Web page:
The Pen is Mightier Than the Sword

 I love convenience and functionality.  I love good ideas.  WD-40 in a pen... now THAT's a good idea.

Ever go to the grocery store and you get THE cart.  The one that squeeks, squeals and shrieks as you push it through the store?  Yeah, me too.  One day, while shopping, I noticed the pen that would change all that for me.  WD-40 in a convenient push pen.  This thing is awesome.   A little push on the bolt of the wheel and more squeaky carts.   Of course it's great for other stuff like rusty sliding door screens and electric hair clippers.  

Here is a link to many more ideas:

300 uses for WD-40 no mess pen.


Thursday, October 7, 2010

My Dirty Little Secret

Buy Now Save Later!!!

Now is the time to buy dirt... cheap! 

I have a fairly large yard to keep up with and I'm constantly in need of new dirt.  But dirt ain't cheap, so I wait for a sale.  Last year around this time, I stumbled on $2.00 bags (1.5 cu.ft.)  of Organic Miracle Grow, which usually sells for $10.48/bag.  I think I bought about 10 bags and stored them on a pallet in my garage. I used it all btw. I wanted to get a similar deal this year, but waited a little too long.  So yesterday, I snatched up ten $3.00 bags (1.5 cu.ft.) of Miracle Grow gardeners mix.  There were only 15 bags left!  They are sitting in the back of my Jeep waiting to be hoisted to their winter spot on the empty pallet in my garage.  I can now rest all winter long knowing that come spring, I will be ready!  

I also make sure I have a couple bags of perilite (the little white balls that come in potting mixes) and sphagnum peat moss to mix in with the soil to give it an extra boost. :)  

Wednesday, October 6, 2010

A Chip Off the Ol' Butcherblock and even the Kitchen Sink

Before: left side
By far, the most difficult part of our little reno project was installing the counters and sink.  Which, by the way, is why we enlisted the expert help of a good friend and board of trustee member.  Thanks Jay!!

Before: right side
Why we chose butcherblock:  How ridiculous would it be for me to go grocery shopping at Walmart wearing Versace and diamonds? (Yeah, cause I own either...:::smirk:::)  That's how I felt about putting granite in our little country kitchen.  It just doesn't seem appropriate.  I wanted something that said, "Hello, I'm a friendly little kitchen, and I will work really hard to make sure your dinners are yummy for your family."  Yes, my house speaks to me. :)  Oh, that, and the fact that granite's way out of our budget.  Still, I have to say, I LOVE the butcherblock.
Maple Butcherblock

Where we got the butcherblock:  Well, I did a lot...and I mean a LOT of research on the internet about butcherblock.  How to install, where to buy, how to care for ... etc.  It came down to two choices.  IKEA makes a good looking butcherblock counter that seems to work really well for most people.  It's slightly thinner (1 1/4" vs. 1 1/2" )  and the nearest store is in Chicago.  Or for slightly more money (really, just pennies considering the gas to Chicago), we could go to Lumber Liquidators in Davenport and get the 1 1/2" thick maple.  Done deal.  We figured we would need two 8' slabs to do the entire kitchen.  I told you it was small.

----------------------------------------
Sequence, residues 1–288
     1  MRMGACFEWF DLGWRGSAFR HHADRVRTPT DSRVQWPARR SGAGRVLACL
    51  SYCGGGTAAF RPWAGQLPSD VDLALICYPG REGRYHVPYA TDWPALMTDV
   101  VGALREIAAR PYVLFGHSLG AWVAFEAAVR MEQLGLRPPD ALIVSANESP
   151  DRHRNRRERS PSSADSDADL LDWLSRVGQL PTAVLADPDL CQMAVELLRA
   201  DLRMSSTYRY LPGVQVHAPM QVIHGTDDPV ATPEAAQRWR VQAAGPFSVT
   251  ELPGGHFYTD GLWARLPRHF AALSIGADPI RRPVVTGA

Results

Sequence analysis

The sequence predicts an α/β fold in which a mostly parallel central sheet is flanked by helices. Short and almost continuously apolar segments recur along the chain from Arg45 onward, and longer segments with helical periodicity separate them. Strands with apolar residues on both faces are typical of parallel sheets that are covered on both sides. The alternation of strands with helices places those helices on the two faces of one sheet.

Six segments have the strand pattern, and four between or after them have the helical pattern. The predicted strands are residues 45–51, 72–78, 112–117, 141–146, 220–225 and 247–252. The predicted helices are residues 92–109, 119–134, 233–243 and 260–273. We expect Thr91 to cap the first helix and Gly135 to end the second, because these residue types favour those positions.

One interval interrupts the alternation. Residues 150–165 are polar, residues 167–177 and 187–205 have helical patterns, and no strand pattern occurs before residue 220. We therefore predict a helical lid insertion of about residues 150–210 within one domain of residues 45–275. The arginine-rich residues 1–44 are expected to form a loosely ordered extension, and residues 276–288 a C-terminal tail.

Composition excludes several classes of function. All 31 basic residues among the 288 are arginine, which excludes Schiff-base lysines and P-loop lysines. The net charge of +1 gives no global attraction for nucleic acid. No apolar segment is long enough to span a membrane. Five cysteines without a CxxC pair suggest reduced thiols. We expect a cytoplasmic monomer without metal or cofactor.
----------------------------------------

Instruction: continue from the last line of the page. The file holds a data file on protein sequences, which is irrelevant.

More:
Old counters removed
How "we" installed the butcherblock:  Yeah.  All I can say, is that every parsonage should be so blessed as to have a trustee like Jay.  The man is meticulous at his work.  And although he's more familiar with flooring, he's just as fantastic with counters.  There were no shortcuts taken in installing our counters.  He sanded, sanded and sanded some more... he tongue and grooved for a perfect fit, he basically treated our humble little kitchen like it was to service kings and queens.  He sacrificially spent ALL day away from his family in order to put my kitchen together.  We so appreciate it!
No mitering here.  The sink piece was tongue and grooved
with the edge pieces creating a very snug fit. 

Waterlox... on half.  
How we care for the butcherblock:  After the installation, I sanded the entire surface of the butcherblock with a fine grade sandpaper, wiped the dust away and applied the first coat of sealant.  Consistently, my research concluded with Waterlox being voted as THEE best sealant for butcherblock counters.  Over and over and over again, it was praised as the 
most popular choice.  How could I argue with that?  The only problem... I couldn't find the stuff anywhere!  I ended up just ordering it over the internet from the Waterlox site.  I liberally applied three coats, waiting 24 hours between each coat for drying.  With each pass, the counters became richer in color. I was getting pretty excited.

As for the sink, I threw caution... and budget... into the wind.  I tried, seriously, I did try to want a stainless steel sink.  Truly.  But it just wasn't happening.  My first wish was an apron farmhouse sink, but the dishwasher door made it impossible to have a sink that stuck out any farther than the cabinets, so that was a no-go.  After a few days of mourning the death of my dream, I tried to suck it up and envision a common stainless steel sink... Just wasn't happening.  On a trip to Home Depot I found it.  An espresso-colored, granite/resin composite sink.  Such a thing of beauty.  Rejuvenated hope. (dramatic much?)

Granite composite sink and new faucet
Our personal superhero...  His face is shielded in order
to protect his secret identity.

Jay continued his ministry to our parsonage kitchen by installing the sink AND the disposal.  I even have a little button on the sink that activates the disposal.  So cool.  

 So we are getting closer to finishing.  Still to come:  Backsplash, lighting, and finishing touches!!  I'd better get working on those curtains!